It would be a shame if the death of the Russian novelist Vasily Aksyonov yesterday got lost in the welter of cultural losses that surrounds it. Aksyonov is one of the towering literary figures of the postwar era – one who might have been more widely recognized as such were it not for the strictures of Soviet publishing culture. In his novels The Burn, The New Sweet Style, and especially Generations of Winter (which we have championed at this site), Aksyonov synthesized the Tolstoyan legacy of the 19th Century with the innovating impulses of the revolutionary generation. In making Russian literary tradition his own, and re-opening its dialogue with the rest of world literature, he pointed the way for the novelists who would succeed him. I can think of no more fitting way to honor him than to read him.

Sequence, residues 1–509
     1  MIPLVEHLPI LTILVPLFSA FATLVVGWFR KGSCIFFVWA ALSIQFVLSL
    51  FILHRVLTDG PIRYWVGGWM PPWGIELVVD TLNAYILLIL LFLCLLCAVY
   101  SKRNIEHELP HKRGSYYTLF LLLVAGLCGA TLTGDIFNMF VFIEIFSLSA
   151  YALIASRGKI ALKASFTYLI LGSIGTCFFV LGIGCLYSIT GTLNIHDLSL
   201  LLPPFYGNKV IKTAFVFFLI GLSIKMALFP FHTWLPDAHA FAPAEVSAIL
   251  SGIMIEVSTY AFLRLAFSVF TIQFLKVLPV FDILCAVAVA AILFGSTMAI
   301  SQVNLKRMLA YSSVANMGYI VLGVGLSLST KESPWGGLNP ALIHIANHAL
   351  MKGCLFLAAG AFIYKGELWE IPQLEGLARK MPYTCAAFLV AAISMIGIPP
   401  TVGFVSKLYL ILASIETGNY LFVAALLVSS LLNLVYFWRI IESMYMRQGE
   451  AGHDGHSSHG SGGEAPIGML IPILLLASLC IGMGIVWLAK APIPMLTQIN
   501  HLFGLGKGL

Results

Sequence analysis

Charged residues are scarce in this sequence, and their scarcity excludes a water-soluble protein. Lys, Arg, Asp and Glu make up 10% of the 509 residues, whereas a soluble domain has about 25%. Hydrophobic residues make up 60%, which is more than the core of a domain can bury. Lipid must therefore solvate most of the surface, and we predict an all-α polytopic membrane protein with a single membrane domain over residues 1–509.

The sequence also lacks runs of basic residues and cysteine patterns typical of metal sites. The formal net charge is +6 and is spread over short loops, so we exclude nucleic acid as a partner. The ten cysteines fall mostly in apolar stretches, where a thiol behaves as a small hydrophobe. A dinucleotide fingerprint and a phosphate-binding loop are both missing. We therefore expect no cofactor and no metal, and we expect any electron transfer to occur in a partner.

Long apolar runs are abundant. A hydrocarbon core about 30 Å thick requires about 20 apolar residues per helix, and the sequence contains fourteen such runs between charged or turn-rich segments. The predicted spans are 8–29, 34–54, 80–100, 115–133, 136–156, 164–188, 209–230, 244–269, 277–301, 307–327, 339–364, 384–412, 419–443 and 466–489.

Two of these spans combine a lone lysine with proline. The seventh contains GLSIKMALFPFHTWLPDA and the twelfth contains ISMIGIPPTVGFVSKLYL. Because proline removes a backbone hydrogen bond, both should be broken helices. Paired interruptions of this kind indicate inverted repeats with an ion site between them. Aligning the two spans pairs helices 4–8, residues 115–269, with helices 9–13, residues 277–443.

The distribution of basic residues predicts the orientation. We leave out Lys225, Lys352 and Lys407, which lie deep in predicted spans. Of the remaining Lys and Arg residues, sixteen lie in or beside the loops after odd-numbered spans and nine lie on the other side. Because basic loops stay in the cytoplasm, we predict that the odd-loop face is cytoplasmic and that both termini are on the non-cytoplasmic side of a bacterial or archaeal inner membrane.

The New York Times is reporting that Maurice Sendak has died at 83. In part because I shared a name with its main character, Where the Wild Things Are was a beloved book of mine. Sendak’s last book Bumble-Ardy, full of chaotic drawings of mischievous pigs, is a favorite of 19-month-old son’s. May Sendak’s bountiful imagination and heart live on for many generations in his books.
I have been one of the few to extract a plausible living from a bookshop. When I was hired to work at Shakespeare and Company, Sylvia Whitman had recently taken over running the place from her father, George. She wanted a permanent staff to confront the multitudes who flooded in on a daily basis, and she knew a good salary would keep people around. I was glad Sylvia was my boss. She was sweet and even tempered, while George was known to be irascible and unpredictable. Furthermore, everyone told me that George “didn’t like men.” (At one of his heralded Sunday breakfasts, he spied a single boy among the crowd of young female admirers and remarked, with narrowed eyes, “There’s a weed in my flower garden.”)